NASA's Hubble Telescope captures blue star cluster 150,000 light-years away
NASA's Hubble Space Telescope's newest image reveals a 'brilliant blue' star cluster, called the NGC 2031 which lies approximately 150,000 light-years from Earth. This globular star cluster is located in the constellation Mensa in the Large Magellanic Cloud (LMC), which is a satellite galaxy of our own Milky Way. LMC is visible to an unaided eye from the Southern Hemisphere.
Why does this story matter?
- Hubble was the first major optical telescope to be placed in space. The 43.5 feet solar-powered telescope was launched in April 1990.
- It is positioned 535 kilometers above the Earth and completes one orbit every 95 minutes.
- The NGC 2031 star cluster is approximately 140 million years old and its mass is 3,000 times that of our Sun.
The stars in NGC 2031 are used as 'cosmic yardsticks'
NGC 2031, seen at the top-left corner of Hubble's star-studded image, appears to have a spherical shape because of the mutual gravitational attraction between the stars. This cluster contains at least 14 Cepheid variable stars, which are stars that brighten and dim periodically. They are used as 'cosmic yardsticks' which can help astronomers determine the star's distance from us.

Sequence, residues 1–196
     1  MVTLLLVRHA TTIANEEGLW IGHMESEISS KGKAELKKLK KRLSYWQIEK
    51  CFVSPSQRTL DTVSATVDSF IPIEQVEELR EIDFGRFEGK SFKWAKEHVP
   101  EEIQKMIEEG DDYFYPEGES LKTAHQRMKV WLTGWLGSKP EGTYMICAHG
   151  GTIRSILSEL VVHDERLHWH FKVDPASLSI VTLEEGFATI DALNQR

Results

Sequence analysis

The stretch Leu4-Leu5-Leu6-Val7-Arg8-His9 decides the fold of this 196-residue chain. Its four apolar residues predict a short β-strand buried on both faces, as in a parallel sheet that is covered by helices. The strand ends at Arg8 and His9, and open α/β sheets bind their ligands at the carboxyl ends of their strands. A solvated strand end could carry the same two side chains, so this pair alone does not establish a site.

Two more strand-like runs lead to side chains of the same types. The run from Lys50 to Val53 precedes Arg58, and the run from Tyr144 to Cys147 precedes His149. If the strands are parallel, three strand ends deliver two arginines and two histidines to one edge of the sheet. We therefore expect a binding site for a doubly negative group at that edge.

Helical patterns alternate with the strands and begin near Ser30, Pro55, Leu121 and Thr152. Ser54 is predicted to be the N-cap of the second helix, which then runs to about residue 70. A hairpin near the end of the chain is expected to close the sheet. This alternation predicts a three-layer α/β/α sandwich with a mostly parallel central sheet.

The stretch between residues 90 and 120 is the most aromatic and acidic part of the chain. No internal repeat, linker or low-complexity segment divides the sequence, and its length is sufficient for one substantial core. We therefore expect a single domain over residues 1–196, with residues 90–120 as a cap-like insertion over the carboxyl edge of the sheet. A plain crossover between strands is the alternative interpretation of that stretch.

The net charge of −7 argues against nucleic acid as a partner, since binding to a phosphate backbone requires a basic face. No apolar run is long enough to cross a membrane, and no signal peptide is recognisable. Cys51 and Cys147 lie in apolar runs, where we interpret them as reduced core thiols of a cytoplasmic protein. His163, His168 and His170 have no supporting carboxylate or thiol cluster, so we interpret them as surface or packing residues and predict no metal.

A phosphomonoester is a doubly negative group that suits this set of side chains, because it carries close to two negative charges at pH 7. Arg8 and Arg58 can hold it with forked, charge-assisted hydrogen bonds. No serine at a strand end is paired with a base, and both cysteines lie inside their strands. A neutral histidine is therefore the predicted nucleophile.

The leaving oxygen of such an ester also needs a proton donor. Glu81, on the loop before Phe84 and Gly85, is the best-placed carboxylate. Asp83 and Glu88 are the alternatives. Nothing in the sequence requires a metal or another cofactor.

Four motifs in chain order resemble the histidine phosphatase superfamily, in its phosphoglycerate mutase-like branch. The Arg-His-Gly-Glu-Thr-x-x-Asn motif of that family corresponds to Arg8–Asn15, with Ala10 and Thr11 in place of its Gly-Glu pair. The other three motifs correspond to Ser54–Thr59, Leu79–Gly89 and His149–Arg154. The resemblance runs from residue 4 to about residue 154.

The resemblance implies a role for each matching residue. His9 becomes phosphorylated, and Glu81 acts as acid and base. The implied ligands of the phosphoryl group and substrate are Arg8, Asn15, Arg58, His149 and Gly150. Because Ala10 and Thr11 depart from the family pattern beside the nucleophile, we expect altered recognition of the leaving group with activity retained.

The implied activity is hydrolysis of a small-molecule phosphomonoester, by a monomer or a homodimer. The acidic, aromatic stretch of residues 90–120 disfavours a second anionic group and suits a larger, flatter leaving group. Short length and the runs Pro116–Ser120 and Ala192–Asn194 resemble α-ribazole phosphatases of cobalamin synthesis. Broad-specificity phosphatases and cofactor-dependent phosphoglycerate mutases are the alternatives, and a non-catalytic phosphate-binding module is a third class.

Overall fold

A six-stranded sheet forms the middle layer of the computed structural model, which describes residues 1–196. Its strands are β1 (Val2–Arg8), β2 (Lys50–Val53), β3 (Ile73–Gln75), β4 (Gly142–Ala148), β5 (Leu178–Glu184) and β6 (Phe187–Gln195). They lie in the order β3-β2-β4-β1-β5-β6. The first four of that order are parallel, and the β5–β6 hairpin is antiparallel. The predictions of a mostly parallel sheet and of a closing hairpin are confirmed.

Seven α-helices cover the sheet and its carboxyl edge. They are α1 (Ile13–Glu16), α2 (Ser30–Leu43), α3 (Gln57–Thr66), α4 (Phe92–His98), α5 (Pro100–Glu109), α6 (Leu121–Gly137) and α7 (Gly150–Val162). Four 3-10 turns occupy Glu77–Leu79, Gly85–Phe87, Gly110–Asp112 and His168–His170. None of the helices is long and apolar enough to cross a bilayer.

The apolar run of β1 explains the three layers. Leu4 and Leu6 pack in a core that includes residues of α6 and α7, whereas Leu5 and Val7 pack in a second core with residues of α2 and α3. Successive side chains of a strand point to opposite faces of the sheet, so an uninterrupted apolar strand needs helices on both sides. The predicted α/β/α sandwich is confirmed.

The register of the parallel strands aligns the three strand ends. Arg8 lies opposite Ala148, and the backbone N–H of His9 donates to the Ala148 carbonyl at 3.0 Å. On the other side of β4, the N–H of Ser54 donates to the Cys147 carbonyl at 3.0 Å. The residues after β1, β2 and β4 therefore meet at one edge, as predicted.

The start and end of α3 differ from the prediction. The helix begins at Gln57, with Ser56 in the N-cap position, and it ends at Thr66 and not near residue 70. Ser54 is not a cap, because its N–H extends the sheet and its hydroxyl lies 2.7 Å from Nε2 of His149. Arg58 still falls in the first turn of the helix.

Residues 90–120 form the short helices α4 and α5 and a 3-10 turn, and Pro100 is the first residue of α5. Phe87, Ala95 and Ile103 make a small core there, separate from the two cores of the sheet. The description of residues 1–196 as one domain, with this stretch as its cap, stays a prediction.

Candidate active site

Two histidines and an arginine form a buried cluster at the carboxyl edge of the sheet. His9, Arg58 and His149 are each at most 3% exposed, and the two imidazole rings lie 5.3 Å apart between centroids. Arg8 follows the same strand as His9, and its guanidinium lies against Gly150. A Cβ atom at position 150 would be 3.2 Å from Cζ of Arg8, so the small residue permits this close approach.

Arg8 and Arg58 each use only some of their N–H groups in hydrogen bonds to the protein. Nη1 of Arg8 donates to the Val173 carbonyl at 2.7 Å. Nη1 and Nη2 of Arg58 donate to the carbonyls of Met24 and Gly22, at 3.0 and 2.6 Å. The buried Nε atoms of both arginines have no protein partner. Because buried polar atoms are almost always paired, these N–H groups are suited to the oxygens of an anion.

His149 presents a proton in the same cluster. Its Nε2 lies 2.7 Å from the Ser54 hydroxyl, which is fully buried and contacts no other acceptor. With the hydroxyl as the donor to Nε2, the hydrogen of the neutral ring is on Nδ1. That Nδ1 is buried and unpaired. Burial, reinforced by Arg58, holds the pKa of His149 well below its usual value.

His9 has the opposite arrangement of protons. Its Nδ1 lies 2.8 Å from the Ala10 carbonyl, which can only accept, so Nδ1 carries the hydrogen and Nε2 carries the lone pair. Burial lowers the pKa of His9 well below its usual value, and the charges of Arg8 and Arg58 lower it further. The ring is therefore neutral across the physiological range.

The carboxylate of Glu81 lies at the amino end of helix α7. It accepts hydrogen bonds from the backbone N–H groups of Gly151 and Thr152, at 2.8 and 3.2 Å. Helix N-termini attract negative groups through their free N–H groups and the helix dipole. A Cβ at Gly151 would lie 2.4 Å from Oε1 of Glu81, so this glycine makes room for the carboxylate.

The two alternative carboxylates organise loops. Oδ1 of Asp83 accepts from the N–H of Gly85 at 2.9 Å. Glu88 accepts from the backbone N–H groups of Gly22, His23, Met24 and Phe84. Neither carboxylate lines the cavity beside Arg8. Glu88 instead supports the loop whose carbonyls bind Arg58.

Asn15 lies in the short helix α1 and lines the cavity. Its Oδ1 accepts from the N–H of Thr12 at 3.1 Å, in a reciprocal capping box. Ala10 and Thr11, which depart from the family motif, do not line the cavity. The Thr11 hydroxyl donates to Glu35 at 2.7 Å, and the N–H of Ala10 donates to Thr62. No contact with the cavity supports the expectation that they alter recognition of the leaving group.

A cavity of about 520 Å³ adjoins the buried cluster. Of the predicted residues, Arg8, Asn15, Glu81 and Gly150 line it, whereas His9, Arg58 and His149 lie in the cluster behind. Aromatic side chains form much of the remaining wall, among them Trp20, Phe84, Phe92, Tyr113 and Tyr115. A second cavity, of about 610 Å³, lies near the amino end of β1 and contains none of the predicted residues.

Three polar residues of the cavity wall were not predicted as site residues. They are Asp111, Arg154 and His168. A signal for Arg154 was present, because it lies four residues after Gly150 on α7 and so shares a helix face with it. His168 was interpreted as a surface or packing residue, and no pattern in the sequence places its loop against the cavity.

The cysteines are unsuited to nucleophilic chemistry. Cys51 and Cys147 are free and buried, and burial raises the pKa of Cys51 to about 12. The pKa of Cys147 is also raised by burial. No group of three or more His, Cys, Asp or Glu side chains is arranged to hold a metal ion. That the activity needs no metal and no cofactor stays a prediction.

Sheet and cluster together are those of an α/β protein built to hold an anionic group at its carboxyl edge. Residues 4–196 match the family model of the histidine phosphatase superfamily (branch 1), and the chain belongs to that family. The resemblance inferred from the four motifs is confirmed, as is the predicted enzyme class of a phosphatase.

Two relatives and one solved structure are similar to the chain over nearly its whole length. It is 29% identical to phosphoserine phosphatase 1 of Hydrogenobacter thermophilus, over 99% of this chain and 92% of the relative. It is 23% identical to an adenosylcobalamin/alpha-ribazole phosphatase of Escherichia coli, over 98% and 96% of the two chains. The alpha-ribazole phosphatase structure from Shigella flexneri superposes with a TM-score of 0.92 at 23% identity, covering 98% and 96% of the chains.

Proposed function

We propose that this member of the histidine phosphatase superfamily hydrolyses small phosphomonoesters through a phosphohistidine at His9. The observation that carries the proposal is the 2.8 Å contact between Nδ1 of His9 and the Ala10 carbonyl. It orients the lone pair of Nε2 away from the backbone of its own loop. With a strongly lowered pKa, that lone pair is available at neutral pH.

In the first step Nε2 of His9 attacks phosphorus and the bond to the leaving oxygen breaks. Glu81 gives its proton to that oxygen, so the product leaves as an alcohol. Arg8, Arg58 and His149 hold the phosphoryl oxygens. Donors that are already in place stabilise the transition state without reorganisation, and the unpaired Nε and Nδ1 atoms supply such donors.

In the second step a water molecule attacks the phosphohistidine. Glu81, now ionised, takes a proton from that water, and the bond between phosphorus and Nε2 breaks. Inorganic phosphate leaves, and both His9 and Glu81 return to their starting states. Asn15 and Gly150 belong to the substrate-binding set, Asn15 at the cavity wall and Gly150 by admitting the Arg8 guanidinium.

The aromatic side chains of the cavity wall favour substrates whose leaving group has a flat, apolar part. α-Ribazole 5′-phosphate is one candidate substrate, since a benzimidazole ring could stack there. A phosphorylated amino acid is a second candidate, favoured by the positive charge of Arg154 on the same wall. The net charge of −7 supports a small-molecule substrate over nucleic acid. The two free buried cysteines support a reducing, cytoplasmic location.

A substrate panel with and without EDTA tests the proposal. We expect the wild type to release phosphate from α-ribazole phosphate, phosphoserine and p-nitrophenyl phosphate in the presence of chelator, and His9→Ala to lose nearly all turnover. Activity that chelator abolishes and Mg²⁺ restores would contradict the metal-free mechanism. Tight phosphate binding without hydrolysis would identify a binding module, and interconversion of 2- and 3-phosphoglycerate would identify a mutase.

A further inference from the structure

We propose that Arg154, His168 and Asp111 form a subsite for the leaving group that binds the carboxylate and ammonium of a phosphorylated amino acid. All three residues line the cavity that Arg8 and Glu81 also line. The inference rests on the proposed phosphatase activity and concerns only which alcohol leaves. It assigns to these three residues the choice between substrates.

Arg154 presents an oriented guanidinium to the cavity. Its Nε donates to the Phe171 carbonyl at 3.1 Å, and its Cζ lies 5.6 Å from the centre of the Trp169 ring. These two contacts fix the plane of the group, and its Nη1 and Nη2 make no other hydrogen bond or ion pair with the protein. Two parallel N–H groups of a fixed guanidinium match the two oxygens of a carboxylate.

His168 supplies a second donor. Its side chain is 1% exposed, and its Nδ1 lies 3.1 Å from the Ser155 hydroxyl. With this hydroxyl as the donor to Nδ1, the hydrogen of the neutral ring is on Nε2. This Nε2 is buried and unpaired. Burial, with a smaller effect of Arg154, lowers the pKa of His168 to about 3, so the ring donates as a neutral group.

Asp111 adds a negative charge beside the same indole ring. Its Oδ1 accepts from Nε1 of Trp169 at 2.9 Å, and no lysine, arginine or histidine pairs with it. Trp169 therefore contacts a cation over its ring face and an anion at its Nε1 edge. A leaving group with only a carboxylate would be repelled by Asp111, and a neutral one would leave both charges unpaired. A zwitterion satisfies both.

NGC 2031 lives in an extremely dense portion of LMC
The blue NGC 2031 cluster is located in a crowded starry region of the LMC galaxy. This results in 'stellar contamination' which is a phenomenon that arises when the atmospheres and surface features of neighboring stars interfere with the measurements of objects under study. It is one of the theories that can explain why the star cluster is observed as blue.
Blue stranglers form later than their neighboring stars
"Stars like these typically burn very hot and have short lifespans, but globular clusters are known for housing only ancient stars," explained NASA. Another theory suggests that the bright blue stars are 'blue stragglers.' "Blue stragglers are thought to form from the merging of two old, red stars resulting in a star with greater mass and therefore bluer color," added the space agency.